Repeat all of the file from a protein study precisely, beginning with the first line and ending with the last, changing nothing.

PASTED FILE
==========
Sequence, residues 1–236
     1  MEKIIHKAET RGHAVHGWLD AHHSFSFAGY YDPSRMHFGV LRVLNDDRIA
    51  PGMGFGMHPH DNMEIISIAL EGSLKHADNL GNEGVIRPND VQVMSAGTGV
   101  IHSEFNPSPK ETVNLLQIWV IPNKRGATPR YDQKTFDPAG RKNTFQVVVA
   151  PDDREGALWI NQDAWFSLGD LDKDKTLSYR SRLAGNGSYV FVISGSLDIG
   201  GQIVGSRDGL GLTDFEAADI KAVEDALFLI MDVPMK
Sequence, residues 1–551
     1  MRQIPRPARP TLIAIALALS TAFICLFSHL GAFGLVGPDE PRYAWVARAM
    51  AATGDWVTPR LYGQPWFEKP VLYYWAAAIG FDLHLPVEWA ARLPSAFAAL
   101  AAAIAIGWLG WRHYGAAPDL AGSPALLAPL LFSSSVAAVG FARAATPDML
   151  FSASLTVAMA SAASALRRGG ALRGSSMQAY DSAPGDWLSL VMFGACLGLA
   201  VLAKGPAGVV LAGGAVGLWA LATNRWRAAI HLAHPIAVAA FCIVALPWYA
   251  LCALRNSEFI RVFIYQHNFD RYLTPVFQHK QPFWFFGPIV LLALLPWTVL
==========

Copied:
Sequence, residues 1–236
     1  MEKIIHKAET RGHAVHGWLD AHHSFSFAGY YDPSRMHFGV LRVLNDDRIA
    51  PGMGFGMHPH DNMEIISIAL EGSLKHADNL GNEGVIRPND VQVMSAGTGV
   101  IHSEFNPSPK ETVNLLQIWV IPNKRGATPR YDQKTFDPAG RKNTFQVVVA
   151  PDDREGALWI NQDAWFSLGD LDKDKTLSYR SRLAGNGSYV FVISGSLDIG
   201  GQIVGSRDGL GLTDFEAADI KAVEDALFLI MDVPMK
Sequence, residues 1–551
     1  MRQIPRPARP TLIAIALALS TAFICLFSHL GAFGLVGPDE PRYAWVARAM
    51  AATGDWVTPR LYGQPWFEKP VLYYWAAAIG FDLHLPVEWA ARLPSAFAAL
   101  AAAIAIGWLG WRHYGAAPDL AGSPALLAPL LFSSSVAAVG FARAATPDML
   151  FSASLTVAMA SAASALRRGG ALRGSSMQAY DSAPGDWLSL VMFGACLGLA
   201  VLAKGPAGVV LAGGAVGLWA LATNRWRAAI HLAHPIAVAA FCIVALPWYA
   251  LCALRNSEFI RVFIYQHNFD RYLTPVFQHK QPFWFFGPIV LLALLPWTVL